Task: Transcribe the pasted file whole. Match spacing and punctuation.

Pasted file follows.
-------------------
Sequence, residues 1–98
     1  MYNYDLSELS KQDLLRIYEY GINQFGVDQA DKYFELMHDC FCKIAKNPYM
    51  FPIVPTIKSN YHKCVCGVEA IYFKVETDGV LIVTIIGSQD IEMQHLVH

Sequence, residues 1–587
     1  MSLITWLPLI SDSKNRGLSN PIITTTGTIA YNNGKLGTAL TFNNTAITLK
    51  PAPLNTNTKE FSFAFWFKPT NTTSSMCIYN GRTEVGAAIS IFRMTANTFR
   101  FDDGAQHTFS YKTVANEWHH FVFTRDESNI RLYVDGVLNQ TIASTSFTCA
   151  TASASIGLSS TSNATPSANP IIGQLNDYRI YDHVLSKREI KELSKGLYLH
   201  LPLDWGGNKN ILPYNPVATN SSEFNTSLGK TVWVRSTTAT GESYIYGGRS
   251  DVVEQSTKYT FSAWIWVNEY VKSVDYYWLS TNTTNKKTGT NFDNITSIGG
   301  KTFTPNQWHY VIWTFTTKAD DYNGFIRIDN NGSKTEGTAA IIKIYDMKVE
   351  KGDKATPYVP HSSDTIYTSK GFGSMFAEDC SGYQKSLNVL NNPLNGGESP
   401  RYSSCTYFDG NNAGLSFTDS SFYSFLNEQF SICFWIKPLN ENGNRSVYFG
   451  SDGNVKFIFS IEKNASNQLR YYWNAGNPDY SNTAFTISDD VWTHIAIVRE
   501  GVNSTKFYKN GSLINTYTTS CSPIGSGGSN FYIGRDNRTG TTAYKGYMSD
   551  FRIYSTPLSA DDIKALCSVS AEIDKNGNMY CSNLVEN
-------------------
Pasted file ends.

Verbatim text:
Sequence, residues 1–98
     1  MYNYDLSELS KQDLLRIYEY GINQFGVDQA DKYFELMHDC FCKIAKNPYM
    51  FPIVPTIKSN YHKCVCGVEA IYFKVETDGV LIVTIIGSQD IEMQHLVH

Sequence, residues 1–587
     1  MSLITWLPLI SDSKNRGLSN PIITTTGTIA YNNGKLGTAL TFNNTAITLK
    51  PAPLNTNTKE FSFAFWFKPT NTTSSMCIYN GRTEVGAAIS IFRMTANTFR
   101  FDDGAQHTFS YKTVANEWHH FVFTRDESNI RLYVDGVLNQ TIASTSFTCA
   151  TASASIGLSS TSNATPSANP IIGQLNDYRI YDHVLSKREI KELSKGLYLH
   201  LPLDWGGNKN ILPYNPVATN SSEFNTSLGK TVWVRSTTAT GESYIYGGRS
   251  DVVEQSTKYT FSAWIWVNEY VKSVDYYWLS TNTTNKKTGT NFDNITSIGG
   301  KTFTPNQWHY VIWTFTTKAD DYNGFIRIDN NGSKTEGTAA IIKIYDMKVE
   351  KGDKATPYVP HSSDTIYTSK GFGSMFAEDC SGYQKSLNVL NNPLNGGESP
   401  RYSSCTYFDG NNAGLSFTDS SFYSFLNEQF SICFWIKPLN ENGNRSVYFG
   451  SDGNVKFIFS IEKNASNQLR YYWNAGNPDY SNTAFTISDD VWTHIAIVRE
   501  GVNSTKFYKN GSLINTYTTS CSPIGSGGSN FYIGRDNRTG TTAYKGYMSD
   551  FRIYSTPLSA DDIKALCSVS AEIDKNGNMY CSNLVEN